On a swell of immigration that began in the 1640s and continued all the way through (and beyond) the Great Famine of the mid-nineteenth century, Irish immigrants made a place for themselves in large Eastern United States port cities like New York and Boston. But as jobs became less plentiful, many branched out, heading up the Hudson River from New York City and landing in the newly prosperous
So it’s no surprise that Albany and Troy know how to do St. Patrick’s Day right. This year, with March 17 falling on a Sunday, both cities are planning a bunch of festivities for the day and evening before, which means you won’t have to drag yourself off to work or school the next day.
Get the celebratory ball rolling on March 16 with the Irish Sweat-er 5k Run, which races out of the blocks a little before 2:00 p.m. in downtown Albany. Sign up to run, or just plan to watch this charity event, which winds past some of the more interesting historic architecture in the city. Proceeds benefit Albany’s Irish American Heritage Museum.
Stick around for the 69th Annual St. Patrick’s Day Parade. Billed as the largest St. Patty’s parade between New York City and Boston, its colorful marchers fire up the bagpipes on Quail Street and travel along the 5k run route, starting at 2:00 p.m.
Once you’ve gotten your fill of the outdoors—it is March in the Northeast, after all—warm up with Troy’s “St. Practice Day” Kilt Crawl. A “passport”-guided pub crawl throughout the Collar City, it kicks off with an opening ceremonial pour at 12:00 p.m. and continues until the last of the passports are turned in (and redeemed for possible prizes) at the Takk House Parlor at 8:00 p.m.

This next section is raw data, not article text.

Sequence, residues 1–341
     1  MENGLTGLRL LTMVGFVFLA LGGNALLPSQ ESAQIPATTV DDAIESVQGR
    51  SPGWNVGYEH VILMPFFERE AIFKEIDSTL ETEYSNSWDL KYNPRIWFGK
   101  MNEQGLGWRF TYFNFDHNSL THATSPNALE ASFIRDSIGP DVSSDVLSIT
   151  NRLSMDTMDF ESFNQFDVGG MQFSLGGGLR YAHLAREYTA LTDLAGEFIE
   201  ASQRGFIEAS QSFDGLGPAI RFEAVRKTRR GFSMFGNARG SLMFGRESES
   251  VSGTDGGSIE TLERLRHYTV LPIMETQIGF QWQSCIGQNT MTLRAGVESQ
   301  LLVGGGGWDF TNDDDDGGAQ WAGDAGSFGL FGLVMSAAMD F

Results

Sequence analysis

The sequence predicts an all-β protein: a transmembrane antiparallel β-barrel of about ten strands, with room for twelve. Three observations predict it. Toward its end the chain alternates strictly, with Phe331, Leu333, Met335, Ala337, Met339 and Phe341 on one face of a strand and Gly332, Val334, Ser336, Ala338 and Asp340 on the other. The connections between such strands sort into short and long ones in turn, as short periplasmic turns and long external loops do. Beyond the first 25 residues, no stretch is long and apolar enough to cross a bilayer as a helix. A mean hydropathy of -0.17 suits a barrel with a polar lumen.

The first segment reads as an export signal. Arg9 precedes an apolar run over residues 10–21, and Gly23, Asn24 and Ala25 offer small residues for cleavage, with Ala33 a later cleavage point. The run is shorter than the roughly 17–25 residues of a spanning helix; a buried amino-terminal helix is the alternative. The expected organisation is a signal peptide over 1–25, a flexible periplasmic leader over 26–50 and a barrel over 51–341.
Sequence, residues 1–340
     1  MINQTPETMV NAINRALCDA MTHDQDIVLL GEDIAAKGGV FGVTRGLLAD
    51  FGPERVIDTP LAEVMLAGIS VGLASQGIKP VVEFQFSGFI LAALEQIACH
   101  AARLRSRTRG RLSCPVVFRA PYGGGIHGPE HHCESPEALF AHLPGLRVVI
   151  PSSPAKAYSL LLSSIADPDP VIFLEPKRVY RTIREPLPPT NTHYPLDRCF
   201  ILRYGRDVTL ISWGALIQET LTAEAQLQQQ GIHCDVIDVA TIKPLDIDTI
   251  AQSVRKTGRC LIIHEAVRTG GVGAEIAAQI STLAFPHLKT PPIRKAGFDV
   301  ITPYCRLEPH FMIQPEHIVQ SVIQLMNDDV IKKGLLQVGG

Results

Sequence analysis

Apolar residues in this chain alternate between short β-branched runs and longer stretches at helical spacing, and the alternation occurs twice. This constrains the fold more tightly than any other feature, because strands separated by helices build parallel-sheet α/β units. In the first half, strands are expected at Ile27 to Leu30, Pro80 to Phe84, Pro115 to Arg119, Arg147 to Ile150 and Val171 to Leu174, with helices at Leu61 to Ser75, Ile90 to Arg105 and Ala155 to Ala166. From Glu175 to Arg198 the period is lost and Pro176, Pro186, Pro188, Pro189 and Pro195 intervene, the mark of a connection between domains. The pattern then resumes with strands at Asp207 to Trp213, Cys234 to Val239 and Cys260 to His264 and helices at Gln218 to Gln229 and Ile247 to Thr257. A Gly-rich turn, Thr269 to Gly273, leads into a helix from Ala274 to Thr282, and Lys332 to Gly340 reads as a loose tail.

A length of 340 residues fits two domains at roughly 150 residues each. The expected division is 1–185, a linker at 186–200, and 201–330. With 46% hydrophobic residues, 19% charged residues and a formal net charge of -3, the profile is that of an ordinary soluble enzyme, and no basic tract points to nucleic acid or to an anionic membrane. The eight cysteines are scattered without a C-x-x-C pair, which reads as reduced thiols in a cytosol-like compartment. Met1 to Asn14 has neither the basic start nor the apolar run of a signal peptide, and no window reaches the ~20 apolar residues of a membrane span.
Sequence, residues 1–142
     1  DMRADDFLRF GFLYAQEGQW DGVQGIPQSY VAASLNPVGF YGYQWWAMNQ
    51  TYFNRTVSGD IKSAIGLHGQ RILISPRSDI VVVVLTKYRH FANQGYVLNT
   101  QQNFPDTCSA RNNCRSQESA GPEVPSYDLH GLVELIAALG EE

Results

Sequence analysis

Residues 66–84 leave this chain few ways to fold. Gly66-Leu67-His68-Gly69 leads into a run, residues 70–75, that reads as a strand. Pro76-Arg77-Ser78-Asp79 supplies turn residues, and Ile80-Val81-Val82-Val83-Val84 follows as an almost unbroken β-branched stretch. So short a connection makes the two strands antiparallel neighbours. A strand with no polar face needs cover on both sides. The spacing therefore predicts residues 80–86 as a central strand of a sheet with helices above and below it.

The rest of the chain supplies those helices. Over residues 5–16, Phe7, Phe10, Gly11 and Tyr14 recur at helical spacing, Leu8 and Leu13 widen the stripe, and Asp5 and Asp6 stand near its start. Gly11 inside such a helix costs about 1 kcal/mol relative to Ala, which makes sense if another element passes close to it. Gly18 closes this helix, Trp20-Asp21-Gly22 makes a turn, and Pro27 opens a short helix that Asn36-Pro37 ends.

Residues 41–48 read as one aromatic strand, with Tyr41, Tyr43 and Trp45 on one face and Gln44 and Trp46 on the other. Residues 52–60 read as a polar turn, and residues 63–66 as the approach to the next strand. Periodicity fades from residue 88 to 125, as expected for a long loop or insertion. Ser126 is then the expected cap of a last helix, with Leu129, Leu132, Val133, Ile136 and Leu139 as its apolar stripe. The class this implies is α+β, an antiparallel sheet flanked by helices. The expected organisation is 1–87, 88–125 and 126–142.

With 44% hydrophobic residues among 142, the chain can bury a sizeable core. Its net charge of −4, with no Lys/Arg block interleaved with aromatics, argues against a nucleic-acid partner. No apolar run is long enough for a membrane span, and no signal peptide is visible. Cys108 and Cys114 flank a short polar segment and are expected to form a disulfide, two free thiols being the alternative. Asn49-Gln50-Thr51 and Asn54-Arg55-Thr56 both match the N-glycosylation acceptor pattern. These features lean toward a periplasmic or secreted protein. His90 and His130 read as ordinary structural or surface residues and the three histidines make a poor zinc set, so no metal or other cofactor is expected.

Then it’s time to plant yourself and enjoy some food, beer, and cocktails. Take your pick of these Irish hot spots, guaranteed to offer a lively evening of drinks and camaraderie:
Ryan’s Wake—With its dark-wood, leaded-glass interior, Ryan’s Wake has the feel of a pub in Dublin . . . only with much better food. It also has plenty of Irish-inspired cocktails and beers, plus a dozen Irish whiskeys.
Brown’s Brewing Co.—For their Countdown to St. Patrick’s Day party, the craft brew experts at Brown’s will host live music and dance performances, including by fiddler Ryan Delaney. The music will play all the way up till midnight, when revelers ring in the holiday.
Ale House—A perennial favorite for those who love Irish music, count on the Ale House to also keep the cold beer flowing and wings roasting all night long.
McGeary’s Irish Pub—26 beers on tap and 40 bottle-numbers to choose from, plus Irish inspired dishes and music.
Public House 42—Traditional Irish-American favorites, including all-day Irish Breakfast, plus several Irish beers on tap.
Il Faro—While not an Irish restaurant, Il Faro knows it’s always five o’clock somewhere, so they’ll be offering a full bar with drink specials, including well cocktails and Jameson shots, starting at 11:00 a.m. Their Pearl St. location, at the end of the parade route, makes Il Faro a great pit stop for libations, corned beef sandwiches, and the restaurant’s own Corned Beef with Cabbage and House Ground Ribeye Shepherd’s Pie. If you’re out and about on Sunday, whether you’re planning to get fluthered or just looking for a little more St. Patrick’s Day fun along the Hudson, local law firm Martin, Harding & Mazzotti is sponsoring a Free Cab Ride Home program from noon to midnight. Do yourself—and the rest of the folks on a road—a solid and take them up on it by calling 800-529-1010.
Early Bird Celebrations
Robin Catalano believes in the power of storytelling to connect communities and cultures. She’s applied her creative approach to writing for magazines, books, blogs, websites, and a wide variety of marketing projects, and has published more than 75 articles and 1,000+ blog posts. As an editor, she has worked on more than 350 books for publishers including Penguin Random House, Workman, and Simon & Schuster. She has also served as a book coach for independent authors, helping them take their ideas from concept to print. An avid traveler and travel writer, Robin lives, reads, and writes voraciously in upstate NY.